Publications - Advice

  • Long-term employability and health

    28 April 2015 - Advice

    A pressing social issue
    In the future, individuals will extend their working lives until a more advanced age than is currently the case. While for many people this will not pose a problem, a portion of the labour force will find it difficult to work until the age of sixty-five, and even more to sustain their employment even longer. How can we ensure that members of this group remain active participants in the labour market? This is important because many people attach a sense of value to participation and it may contribute to their health. Moreover when employees work longer, the sustainability of collective arrangements may be improved. The central question this advisory report seeks to answer is how to contribute to continued labour participation from a health perspective. Read more >

  • Consumer eHealth

    21 April 2015 - Advice

    In this advisory report the Council for Public Health and Health Care draws attention to the emergence of consumer eHealth. The Council defines consumer eHealth as information and communication technologies offered directly on the market to consumers without the intermediary of care providers, the aim of which is to support or improve users’ health. Read more >

  • Giving policyholders a voice

    8 December 2014 - Advice

    As of 2006, the position of healthcare insurers in the healthcare system has changed. Healthcare insurers are now expected to purchase affordable, accessible high-quality healthcare on behalf of their policyholders. They purchase this healthcare in a competitive procurement market, and occasionally act as regional healthcare coordinators and participate in pre-competitive alliances. In this role the insurers have acquired an increasing degree of freedom, but they are exposed to greater financial risk. Read more >

  • Patient information Patient focust information services

    4 July 2014 - Advice

    The organisation of information systems should focus on the patient. A proper information system is of vital importance for the effective and efficient provision of healthcare. This applies not only at the micro level to patients and care providers but equally at the meso level, where health insurers, institutions and municipalities, for instance, require information to ensure accessible and affordable good-quality care for patients, clients and residents respectively. At the meso level healthcare providers also require reflective information against which to benchmark themselves and improve their services. At the macro level the government requires information to safeguard the quality, accessibility and affordability of healthcare provided in the Netherlands. Information is additionally required for policy, implementation and research purposes. Read more >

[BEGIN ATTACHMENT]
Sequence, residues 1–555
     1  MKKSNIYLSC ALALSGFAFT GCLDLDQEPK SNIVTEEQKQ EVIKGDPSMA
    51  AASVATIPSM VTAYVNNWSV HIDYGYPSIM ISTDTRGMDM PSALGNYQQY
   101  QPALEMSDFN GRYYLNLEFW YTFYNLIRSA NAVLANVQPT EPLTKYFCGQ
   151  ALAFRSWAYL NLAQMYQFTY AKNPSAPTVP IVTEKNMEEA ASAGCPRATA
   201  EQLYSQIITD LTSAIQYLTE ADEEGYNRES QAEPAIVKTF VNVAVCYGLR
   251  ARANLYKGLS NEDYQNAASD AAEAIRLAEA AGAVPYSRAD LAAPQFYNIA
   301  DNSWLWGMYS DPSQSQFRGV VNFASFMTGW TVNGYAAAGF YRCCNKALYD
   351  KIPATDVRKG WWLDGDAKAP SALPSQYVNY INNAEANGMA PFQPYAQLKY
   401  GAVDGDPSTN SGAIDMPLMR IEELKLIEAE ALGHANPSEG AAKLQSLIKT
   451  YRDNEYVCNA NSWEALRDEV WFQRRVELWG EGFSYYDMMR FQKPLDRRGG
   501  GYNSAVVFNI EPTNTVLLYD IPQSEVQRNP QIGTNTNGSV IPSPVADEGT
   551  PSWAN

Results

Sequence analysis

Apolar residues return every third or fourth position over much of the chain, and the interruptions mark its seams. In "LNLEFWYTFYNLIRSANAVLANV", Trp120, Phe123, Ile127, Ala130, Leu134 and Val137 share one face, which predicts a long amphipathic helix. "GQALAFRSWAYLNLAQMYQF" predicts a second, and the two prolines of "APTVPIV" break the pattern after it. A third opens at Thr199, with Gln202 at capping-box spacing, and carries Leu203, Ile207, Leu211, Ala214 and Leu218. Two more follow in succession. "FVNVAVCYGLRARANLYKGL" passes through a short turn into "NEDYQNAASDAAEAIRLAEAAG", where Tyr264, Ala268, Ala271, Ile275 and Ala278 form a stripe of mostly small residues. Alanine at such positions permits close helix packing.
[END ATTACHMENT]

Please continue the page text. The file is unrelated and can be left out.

• With the knowledge of tomorrow Towards a future-oriented healthcare policy

    24 June 2014 - Advice

    How will Dutch healthcare develop in the long term? And what opportunities and dilemmas must the healthcare system be prepared for? These are the questions at the core of this advisory report. Because crystal balls only appear in fairy tales, there are no cut-and-dried answers available. What we can do, however, is explore the possible options, as well as their consequences for healthcare organisations and government policy.
    For example: what trends will we see in life expectancy and quality of life, both of which have continued to exceed expectations for decades? Opinions on the matter are divided. Equally uncertain are the expected differences in health between higher and lower educated people. There are a variety of possible scenarios regarding growth in the healthcare sector, which also raises the issue of the extent to which we are prepared to finance healthcare expenses collectively, and to ensure that healthcare remains accessible to everybody. Read more >

  • Guaranteeing the quality of health care

    19 December 2013 - Advice

    Are management boards and supervisory boards equipped to ensure the quality and safety of care, both now and in the future? Care institutions are currently facing turbulent times: many old certainties are disappearing, with a fight for survival looming on the horizon. Successfully navigating these developments will require effective brinkmanship. There is a very real danger that the focus on quality and safety could suffer as a result. This is all the more urgent in view of the growing external pressure to provide greater transparency and ensure the quality and safety of care. Read more >

  • The participating patient

    20 June 2013 - Advice